Yuvraj Joshi, the Peter and Patricia Gruber Fellow in Global Justice at Yale Law School, has posted to SSRN his essay, The Respectable Dignity of Obergefell v. Hodges, forthcoming in the California Law Review’s Circuit (online publication). Here is an abstract:
In declaring state laws that restrict same-sex marriage unconstitutional, Justice Kennedy invoked “dignity” nine times – to no one’s surprise. References in Obergefell to “dignity” are in important respects the culmination of Justice Kennedy’s elevation of the concept, dating back to the Supreme Court’s 1992 decision in Planned Parenthood v. Casey. The “dignity” of Casey expressed respect for a woman’s freedom to make choices about her pregnancy. Casey laid the foundation for Lawrence v. Texas, which similarly respected the freedom of choice of homosexual persons. Yet, as Lawrence paved the path for US v. Windsor and later Obergefell, the narrative began to change. Tracing the usage of dignity in these cases reveals that the “dignity” of Obergefell is not the “dignity” of Casey.
This Essay demonstrates how Obergefell shifts dignity’s focus from respect for the freedom to choose towards the respectability of choices and choice-makers. Obergefell’s dignity is respectable in three ways. It depends on same-sex couples (1) choosing the heterosexual norm of marriage; (2) being and showing themselves to be worthy of marriage; and (3) being socially acceptable and accepted. As importantly, I show that Obergefell’s reasoning inflicts its own dignitary harms. It affirms the dignity of married relationships, while dismissing the dignitary and material harms suffered by unmarried families. It demands that same-sex couples demonstrate the same love and commitment that are taken for granted for heterosexual couples. And, it implies that legal protection of dignity depends on the prior social acceptance of gay persons and relationships. Put together, Obergefell disregards the idea that different forms of loving and commitment might be entitled to equal dignity and respect.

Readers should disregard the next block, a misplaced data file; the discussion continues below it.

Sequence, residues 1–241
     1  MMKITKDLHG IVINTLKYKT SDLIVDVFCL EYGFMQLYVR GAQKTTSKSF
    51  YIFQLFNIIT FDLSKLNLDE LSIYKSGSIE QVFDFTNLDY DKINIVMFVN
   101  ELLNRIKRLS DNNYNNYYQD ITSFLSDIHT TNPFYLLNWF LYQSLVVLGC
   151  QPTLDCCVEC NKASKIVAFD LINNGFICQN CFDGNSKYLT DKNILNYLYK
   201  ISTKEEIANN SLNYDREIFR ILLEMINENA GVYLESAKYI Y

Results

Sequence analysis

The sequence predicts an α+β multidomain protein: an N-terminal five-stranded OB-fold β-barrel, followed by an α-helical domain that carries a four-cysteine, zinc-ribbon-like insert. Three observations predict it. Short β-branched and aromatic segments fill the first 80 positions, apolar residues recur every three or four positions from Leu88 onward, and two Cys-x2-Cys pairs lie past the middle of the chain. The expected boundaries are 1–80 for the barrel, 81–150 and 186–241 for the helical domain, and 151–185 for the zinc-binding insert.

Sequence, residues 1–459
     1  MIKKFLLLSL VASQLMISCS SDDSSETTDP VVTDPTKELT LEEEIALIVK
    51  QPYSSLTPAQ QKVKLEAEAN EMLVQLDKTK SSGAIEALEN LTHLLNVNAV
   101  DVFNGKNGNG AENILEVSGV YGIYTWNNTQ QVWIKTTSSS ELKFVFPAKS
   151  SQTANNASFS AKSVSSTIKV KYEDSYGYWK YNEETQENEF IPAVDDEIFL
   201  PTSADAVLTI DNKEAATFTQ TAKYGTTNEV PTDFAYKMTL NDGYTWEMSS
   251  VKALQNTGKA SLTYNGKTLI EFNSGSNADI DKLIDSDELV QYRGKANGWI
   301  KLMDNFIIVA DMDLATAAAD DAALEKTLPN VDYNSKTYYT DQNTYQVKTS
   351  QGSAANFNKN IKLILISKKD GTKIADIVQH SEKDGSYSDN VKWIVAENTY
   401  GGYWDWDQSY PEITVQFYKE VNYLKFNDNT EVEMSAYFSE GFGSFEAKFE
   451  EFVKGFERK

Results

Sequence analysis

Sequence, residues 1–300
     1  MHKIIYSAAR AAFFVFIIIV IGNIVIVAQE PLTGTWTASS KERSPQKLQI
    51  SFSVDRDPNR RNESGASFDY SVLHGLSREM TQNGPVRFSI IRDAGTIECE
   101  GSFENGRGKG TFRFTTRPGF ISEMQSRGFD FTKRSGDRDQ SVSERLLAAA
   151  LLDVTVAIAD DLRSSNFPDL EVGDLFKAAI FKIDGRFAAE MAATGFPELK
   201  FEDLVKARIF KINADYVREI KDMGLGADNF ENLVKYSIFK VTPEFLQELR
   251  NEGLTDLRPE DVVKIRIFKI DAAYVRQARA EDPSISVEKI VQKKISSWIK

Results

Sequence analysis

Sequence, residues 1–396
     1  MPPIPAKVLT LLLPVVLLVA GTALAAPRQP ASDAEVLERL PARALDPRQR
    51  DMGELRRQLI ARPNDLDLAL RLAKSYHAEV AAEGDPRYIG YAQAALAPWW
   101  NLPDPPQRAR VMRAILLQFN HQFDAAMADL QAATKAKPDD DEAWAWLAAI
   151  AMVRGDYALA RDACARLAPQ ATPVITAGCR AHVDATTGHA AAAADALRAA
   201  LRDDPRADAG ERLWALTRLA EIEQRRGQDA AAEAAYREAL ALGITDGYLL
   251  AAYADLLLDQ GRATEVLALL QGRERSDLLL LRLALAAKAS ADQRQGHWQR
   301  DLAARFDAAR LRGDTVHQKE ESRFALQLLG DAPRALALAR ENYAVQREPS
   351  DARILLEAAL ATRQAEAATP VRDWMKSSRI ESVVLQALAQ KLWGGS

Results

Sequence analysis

A draft of the essay is available here.
You can follow Mr. Joshi on Twitter @yuvrajjoshi